Twitter Goes OAuth For Access To Third Party Apps And Introduces Link Wrapping

Privacy seems to be a key theme over the last few days. Hot on the heels of Google simplifying its privacy policy, Twitter now comes over the horizon with changes to the way users interact with the plethora of Twitter applications. I was surprised to read from Twitter that there are over 250,000 applications built using the Twitter API.

To use most applications, you first authorise the application to access your Twitter account, after which you can use it to read and post Tweets, discover new users and more. Applications come in many varieties, including desktop applications like TweetDeck, Seesmic, or EchoFon, websites such as TweetMeme, fflick, or Topsy, or mobile applications such as Twitter for iPhone, Twitter for Blackberry or Foursquare.

Twitter explains:

Update 1: New authorization rules for applications

Starting August 31, all applications will be required to use “OAuth” to access your Twitter account.

What’s OAuth?

  • OAuth is a technology that enables applications to access Twitter on your behalf with your approval without asking you directly for your password.
  • Desktop and mobile applications may still ask for your password once, but after that request, they are required to use OAuth in order to access your timeline or allow you to tweet.

What does this mean for me?

  • Applications are no longer allowed to store your password.
  • If you change your password, the applications will continue to work.
  • Some applications you have been using may require you to reauthorize them or may stop functioning at the time of this change.
  • All applications you have authorized will be listed at http://twitter.com/settings/connections.
  • You can revoke access to any application at any time from the list.

Update 2: t.co URL wrapping

In the coming weeks, we will be expanding the roll-out of our link wrapping service t.co, which wraps links in Tweets with a new, simplified link. Wrapped links are displayed in a way that is easier to read, with the actual domain and part of the URL showing, so that you know what you are clicking on. When you click on a wrapped link, your request will pass through the Twitter service to check if the destination site is known to contain malware, and we then will forward you on to the destination URL. All of that should happen in an instant.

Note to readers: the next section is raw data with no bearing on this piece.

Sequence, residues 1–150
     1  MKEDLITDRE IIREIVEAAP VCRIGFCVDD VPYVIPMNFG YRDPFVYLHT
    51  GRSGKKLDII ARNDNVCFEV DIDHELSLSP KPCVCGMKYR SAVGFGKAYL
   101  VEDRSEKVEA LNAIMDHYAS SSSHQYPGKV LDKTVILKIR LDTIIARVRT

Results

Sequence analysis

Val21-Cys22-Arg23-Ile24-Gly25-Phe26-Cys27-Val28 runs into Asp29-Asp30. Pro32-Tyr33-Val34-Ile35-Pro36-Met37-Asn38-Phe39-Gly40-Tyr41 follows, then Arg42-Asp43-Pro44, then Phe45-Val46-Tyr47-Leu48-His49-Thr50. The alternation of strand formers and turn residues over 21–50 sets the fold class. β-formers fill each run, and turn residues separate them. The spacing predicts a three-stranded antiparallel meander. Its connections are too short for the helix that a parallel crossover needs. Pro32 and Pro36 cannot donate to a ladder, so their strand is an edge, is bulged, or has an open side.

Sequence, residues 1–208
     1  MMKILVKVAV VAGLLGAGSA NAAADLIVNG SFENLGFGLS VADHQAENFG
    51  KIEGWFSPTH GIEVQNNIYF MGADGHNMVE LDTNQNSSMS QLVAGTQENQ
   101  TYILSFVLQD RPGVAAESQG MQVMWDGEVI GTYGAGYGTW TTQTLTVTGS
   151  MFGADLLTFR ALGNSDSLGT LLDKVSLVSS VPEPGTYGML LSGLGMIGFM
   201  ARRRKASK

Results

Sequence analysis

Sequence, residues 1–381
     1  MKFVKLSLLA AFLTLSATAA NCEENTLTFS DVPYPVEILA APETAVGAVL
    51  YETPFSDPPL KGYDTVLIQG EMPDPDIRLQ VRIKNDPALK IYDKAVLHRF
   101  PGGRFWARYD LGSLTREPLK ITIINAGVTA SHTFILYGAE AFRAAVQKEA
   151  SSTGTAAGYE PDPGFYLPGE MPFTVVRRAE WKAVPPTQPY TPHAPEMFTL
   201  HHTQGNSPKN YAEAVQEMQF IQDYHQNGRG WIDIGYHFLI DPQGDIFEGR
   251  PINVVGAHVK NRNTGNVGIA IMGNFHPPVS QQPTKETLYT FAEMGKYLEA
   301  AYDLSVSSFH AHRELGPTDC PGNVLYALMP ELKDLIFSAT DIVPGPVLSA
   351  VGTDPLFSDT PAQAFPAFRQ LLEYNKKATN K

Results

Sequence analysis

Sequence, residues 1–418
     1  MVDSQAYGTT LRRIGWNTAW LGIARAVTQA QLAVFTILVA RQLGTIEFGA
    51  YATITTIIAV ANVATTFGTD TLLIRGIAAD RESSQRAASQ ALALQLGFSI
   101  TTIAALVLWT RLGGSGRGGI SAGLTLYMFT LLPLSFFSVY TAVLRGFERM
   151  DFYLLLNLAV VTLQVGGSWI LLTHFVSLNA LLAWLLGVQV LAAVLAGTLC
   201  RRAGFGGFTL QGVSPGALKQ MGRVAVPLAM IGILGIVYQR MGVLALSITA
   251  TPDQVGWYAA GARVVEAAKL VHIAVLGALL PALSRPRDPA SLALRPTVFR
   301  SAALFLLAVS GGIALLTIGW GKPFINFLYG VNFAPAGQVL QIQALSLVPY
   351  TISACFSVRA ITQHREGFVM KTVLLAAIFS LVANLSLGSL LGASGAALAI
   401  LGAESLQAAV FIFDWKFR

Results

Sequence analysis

You will start seeing these links on certain accounts that have opted-in to the service; we expect to roll this out to all users by the end of the year. When this happens, all links shared on Twitter.com or third-party apps will be wrapped with a t.co URL.

What does this mean for me?

  • A really long link such as http://www.amazon.com/Delivering-Happiness-Profits-Passion-Purpose/dp/0446563048 might be wrapped as http://t.co/DRo0trj for display on SMS, but it could be displayed to web or application users as amazon.com/Delivering– or as the whole URL or page title.
  • You will start seeing links in a way that removes the obscurity of shortened links and lets you know where each link will take you.
  • When you click on these links from Twitter.com or a Twitter application, Twitter will log that click. We hope to use this data to provide better and more relevant content to you over time.

Kevin Tea is a journalist and marketing communications professional who has worked for some of the leading blue chip companies in the UK and Europe. In the 1990s he became interested in how emerging Internet-based technologies could change the way that people worked and became an administrator on the Telework Europa Forum on CompuServe. With other colleagues he took part in a four year European Commission sponsored project to look at the way that the Internet could benefit remote communities. His blog is a resource for SMEs who want to use cloud computing and Web 2.0 technologies.